The Panopticon is a type of institutional building designed by English philosopher and social theorist Jeremy Bentham in the late eighteenth century. The concept of the design is to allow an observer to observe (-opticon) all (pan-) inmates of an institution without them being able to tell whether or not they are being watched.
The design consists of a circular structure with an “inspection house” at its centre, from which the managers or staff of the institution are able to watch the inmates, who are stationed around the perimeter. Bentham conceived the basic plan as being equally applicable to hospitals, schools, poorhouses, daycares, and madhouses, but he devoted most of his efforts to developing a design for a Panopticon prison, and it is his prison which is most widely understood by the term.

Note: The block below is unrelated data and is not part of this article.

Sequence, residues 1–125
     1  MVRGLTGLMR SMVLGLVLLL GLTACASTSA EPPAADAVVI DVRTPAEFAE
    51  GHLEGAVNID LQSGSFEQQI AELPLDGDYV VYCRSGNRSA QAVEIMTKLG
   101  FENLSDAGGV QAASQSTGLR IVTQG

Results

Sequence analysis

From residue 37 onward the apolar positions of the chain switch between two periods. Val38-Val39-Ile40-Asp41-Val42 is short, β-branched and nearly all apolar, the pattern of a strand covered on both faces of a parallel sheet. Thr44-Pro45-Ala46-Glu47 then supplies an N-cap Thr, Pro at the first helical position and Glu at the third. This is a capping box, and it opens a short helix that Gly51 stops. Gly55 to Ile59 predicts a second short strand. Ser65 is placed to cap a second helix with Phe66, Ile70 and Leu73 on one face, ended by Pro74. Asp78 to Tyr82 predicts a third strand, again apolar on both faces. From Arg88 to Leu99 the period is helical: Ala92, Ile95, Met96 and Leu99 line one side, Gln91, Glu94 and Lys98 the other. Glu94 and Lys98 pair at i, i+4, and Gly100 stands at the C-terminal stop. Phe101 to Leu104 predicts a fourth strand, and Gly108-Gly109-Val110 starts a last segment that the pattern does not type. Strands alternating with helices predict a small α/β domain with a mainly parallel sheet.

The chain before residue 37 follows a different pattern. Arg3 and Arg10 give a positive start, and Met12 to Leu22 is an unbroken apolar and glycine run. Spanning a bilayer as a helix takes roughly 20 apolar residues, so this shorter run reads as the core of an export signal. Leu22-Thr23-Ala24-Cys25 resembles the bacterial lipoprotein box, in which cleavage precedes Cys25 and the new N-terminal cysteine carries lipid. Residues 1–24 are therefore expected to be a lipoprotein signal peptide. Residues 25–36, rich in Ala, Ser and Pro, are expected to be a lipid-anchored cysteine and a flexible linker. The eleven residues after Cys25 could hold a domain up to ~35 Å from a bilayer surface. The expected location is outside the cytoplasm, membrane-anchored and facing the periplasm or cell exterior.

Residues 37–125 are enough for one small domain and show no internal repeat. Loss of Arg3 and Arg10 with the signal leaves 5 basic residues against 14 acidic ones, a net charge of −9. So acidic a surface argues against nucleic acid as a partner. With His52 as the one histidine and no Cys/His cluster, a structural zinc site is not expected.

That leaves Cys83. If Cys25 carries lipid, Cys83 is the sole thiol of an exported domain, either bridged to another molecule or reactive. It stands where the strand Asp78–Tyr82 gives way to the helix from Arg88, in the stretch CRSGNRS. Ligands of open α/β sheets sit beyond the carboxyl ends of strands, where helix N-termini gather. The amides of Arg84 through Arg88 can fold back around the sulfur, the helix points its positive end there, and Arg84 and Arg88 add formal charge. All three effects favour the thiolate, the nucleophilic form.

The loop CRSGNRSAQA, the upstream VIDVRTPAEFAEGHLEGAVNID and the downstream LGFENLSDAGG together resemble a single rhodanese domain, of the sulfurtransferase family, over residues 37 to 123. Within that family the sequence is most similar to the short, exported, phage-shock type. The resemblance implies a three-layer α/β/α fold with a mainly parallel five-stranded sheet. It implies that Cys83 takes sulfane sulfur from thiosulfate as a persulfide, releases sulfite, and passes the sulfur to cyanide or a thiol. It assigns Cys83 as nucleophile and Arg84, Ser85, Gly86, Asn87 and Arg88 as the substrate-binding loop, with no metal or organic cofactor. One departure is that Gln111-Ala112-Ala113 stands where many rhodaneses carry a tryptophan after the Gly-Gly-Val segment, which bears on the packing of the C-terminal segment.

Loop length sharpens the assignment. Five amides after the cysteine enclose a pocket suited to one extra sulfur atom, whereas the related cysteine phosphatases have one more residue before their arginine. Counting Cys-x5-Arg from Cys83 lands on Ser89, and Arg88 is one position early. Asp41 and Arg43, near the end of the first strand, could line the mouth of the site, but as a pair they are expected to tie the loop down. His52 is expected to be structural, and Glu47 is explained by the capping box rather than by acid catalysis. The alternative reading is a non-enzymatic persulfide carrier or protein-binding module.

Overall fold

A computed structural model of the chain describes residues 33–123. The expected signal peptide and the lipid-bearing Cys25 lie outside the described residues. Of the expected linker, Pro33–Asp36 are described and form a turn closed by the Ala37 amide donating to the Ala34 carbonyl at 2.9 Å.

Bentham himself described the Panopticon as “a new mode of obtaining power of mind over mind, in a quantity hitherto without example.”